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Here’s a closer look at the threat and how to prevent such ruses in the future.
What Happened in the Sextortion Case?
The latest fraud was different from earlier sextortion cases in one significant aspect. Victims were targeted with an email that appeared to come from their very own email account.
In the past, similar hacks used passwords to an adult website that had been stolen in a data breach. The scammer would threaten to release information about the victim’s activity in exchange for cryptocurrency.
Are These Schemes Successful?
The risk of public embarrassment is a powerful motivator for many victims who would rather pay than be exposed for visiting questionable websites. The recent scheme was first noted in the Netherlands, where it reportedly netted €40,000 in short order. That kind of quick cash is highly motivating to hackers looking to make a large amount of money fast.
What Did the Sextortion Email Say?
The English version of the scam had a subject line that included the victim’s email address and “48 hours to pay,” e.g. “firstname.lastname@example.org 48 hours to pay,”
In broken English, the scammer claimed to be part of an international hacker group that now had access to all accounts and gave an example of a stolen password.
Throughout several months, the email alleged, the victim’s devices were infected with a virus from visiting adult websites. Now, the hackers had access to a victim’s social media and messages.
“We are aware of your little and big secrets … yeah, you do have them,” the email continued. “We saw and recorded your doings on porn websites. Your tastes are so weird, you know.”
The email further claimed to have recordings of the victim viewing these websites and threatened to release them to friends and relatives. It demanded payment of $800 in bitcoin within 48 hours of reading the message. If the funds were received, the data would be erased. If not, videos would be sent to every contact found on the victim’s device.
For unsuspecting victims, receiving such an email could be terrifying. That’s why so many people succumb to such demands and pay up.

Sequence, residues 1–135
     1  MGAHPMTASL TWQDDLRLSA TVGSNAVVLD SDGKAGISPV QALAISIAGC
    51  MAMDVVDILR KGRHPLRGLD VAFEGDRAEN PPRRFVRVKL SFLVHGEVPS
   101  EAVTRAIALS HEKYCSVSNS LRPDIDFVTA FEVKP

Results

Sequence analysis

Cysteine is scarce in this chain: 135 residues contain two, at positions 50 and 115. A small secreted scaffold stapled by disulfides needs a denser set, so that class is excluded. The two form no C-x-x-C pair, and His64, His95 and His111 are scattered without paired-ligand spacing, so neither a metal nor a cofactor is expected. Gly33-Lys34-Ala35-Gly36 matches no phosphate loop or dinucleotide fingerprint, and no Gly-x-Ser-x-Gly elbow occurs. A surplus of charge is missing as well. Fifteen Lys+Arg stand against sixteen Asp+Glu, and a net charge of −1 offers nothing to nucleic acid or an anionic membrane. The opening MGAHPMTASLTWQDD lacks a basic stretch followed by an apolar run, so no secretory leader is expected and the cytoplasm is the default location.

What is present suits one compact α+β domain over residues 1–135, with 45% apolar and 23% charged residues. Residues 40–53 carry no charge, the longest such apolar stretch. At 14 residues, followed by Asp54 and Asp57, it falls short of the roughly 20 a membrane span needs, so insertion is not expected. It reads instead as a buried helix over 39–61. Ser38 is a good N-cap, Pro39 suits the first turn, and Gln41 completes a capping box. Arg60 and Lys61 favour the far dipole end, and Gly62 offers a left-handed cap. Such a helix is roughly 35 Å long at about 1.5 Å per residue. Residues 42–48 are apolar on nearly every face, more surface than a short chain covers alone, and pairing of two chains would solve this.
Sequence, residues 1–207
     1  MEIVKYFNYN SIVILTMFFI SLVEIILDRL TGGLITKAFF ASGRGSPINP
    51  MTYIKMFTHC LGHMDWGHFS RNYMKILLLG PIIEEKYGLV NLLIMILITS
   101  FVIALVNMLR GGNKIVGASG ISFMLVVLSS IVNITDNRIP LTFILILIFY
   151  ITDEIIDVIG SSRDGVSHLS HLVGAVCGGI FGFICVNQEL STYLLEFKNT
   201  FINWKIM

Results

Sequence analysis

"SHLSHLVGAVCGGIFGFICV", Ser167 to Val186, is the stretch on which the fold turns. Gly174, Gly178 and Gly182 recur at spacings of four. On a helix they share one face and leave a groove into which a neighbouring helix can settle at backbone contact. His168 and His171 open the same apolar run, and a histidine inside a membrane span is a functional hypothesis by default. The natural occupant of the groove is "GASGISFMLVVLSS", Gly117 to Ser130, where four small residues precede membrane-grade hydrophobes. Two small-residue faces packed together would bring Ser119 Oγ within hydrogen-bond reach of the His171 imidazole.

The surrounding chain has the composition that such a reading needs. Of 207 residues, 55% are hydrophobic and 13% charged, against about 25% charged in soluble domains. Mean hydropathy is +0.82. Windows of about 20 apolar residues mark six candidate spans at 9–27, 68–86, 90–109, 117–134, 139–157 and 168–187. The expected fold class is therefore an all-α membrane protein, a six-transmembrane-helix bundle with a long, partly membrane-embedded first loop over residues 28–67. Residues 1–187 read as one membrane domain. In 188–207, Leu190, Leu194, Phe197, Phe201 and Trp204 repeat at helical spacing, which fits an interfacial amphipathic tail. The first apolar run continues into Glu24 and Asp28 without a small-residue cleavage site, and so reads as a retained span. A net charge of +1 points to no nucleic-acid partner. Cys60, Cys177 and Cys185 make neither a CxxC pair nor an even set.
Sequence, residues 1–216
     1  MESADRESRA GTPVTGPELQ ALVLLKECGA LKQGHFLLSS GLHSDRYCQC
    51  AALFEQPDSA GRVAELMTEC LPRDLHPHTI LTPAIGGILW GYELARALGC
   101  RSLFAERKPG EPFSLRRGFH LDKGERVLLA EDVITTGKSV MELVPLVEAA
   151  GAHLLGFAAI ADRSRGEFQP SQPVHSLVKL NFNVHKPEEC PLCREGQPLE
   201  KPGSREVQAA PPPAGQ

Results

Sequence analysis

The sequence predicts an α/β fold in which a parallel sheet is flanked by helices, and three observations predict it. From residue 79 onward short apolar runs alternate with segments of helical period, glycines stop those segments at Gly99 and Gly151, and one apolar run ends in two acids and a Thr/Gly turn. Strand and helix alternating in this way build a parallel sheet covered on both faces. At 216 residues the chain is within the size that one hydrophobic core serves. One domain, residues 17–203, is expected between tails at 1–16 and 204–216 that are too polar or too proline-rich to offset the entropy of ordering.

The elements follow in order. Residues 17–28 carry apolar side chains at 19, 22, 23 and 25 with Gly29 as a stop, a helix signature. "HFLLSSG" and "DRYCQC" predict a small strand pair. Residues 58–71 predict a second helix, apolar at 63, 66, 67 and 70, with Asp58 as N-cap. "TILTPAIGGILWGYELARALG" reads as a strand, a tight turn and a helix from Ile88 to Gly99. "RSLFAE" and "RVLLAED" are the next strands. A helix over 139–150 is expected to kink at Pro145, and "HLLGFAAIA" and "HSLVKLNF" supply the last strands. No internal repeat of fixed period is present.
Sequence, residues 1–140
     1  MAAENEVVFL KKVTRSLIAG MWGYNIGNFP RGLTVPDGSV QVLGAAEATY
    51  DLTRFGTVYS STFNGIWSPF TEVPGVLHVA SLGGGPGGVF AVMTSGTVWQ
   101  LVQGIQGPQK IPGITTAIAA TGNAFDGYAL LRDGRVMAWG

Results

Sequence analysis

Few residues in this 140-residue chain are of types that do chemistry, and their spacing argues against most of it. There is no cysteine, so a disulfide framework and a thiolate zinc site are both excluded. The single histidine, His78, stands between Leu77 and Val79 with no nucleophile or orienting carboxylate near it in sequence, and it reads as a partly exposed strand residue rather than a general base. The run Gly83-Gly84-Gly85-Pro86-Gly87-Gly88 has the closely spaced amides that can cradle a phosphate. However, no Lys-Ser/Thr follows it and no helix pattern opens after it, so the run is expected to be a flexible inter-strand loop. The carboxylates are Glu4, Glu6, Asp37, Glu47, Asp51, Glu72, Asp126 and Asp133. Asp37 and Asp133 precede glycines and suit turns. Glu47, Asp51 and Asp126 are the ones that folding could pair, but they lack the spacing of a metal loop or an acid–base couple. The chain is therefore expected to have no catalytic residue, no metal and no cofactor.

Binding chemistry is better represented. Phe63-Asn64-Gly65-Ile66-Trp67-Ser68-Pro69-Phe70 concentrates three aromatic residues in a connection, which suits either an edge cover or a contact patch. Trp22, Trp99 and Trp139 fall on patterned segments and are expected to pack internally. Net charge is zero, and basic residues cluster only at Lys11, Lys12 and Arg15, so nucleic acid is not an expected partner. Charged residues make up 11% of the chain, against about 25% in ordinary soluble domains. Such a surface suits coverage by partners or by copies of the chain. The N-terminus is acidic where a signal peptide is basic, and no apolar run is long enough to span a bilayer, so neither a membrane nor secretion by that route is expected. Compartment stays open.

What Can Users Do?
While it’s easy to be scared into sending payment, the reality is that these emails can be ignored and deleted. It’s a good idea after doing so to run an anti-virus scan on all your devices to be sure that there is no malware installed.
Many of these scams occur because a domain has been hacked. However, these vulnerabilities can be eliminated by using some basic protections. Using domain name system (DNS) records designed for email validation and authentication are an essential first step. Here are three of the most common:
- SPF. A sender policy framework (SPF) verifies that an email that claims to come from a domain is associated with an authorized IP address. An SPF can detect faked sender email addresses in spam filters. Hackers are less likely to target such domains for phishing attacks.
- DKIM. DomainKeys Identified Email (DKIM) lets an email receiver verify that an email coming from a domain was authorized by that domain. Senders need to attach a digital signature to each outgoing message that’s linked to a domain name. The recipient’s system can compare that signature to a published key.
- DMARC. Layered on top of SPF and DKIM is domain-based message authentication, reporting and conformance protocol (DMARC). Established in 2011, DMARC allows email senders to publish policies about unauthorized email. Also, email receivers can provide reporting to those senders. Both are designed to build a domain reputation and credibility about Domain-issued emails.
Your users and domains are vulnerable to hackers looking to exploit technology to shame people into paying. With the right technology assessments, security protocols and safeguards in place, your systems will be protected and dissuade hackers from attacking your sites in the future.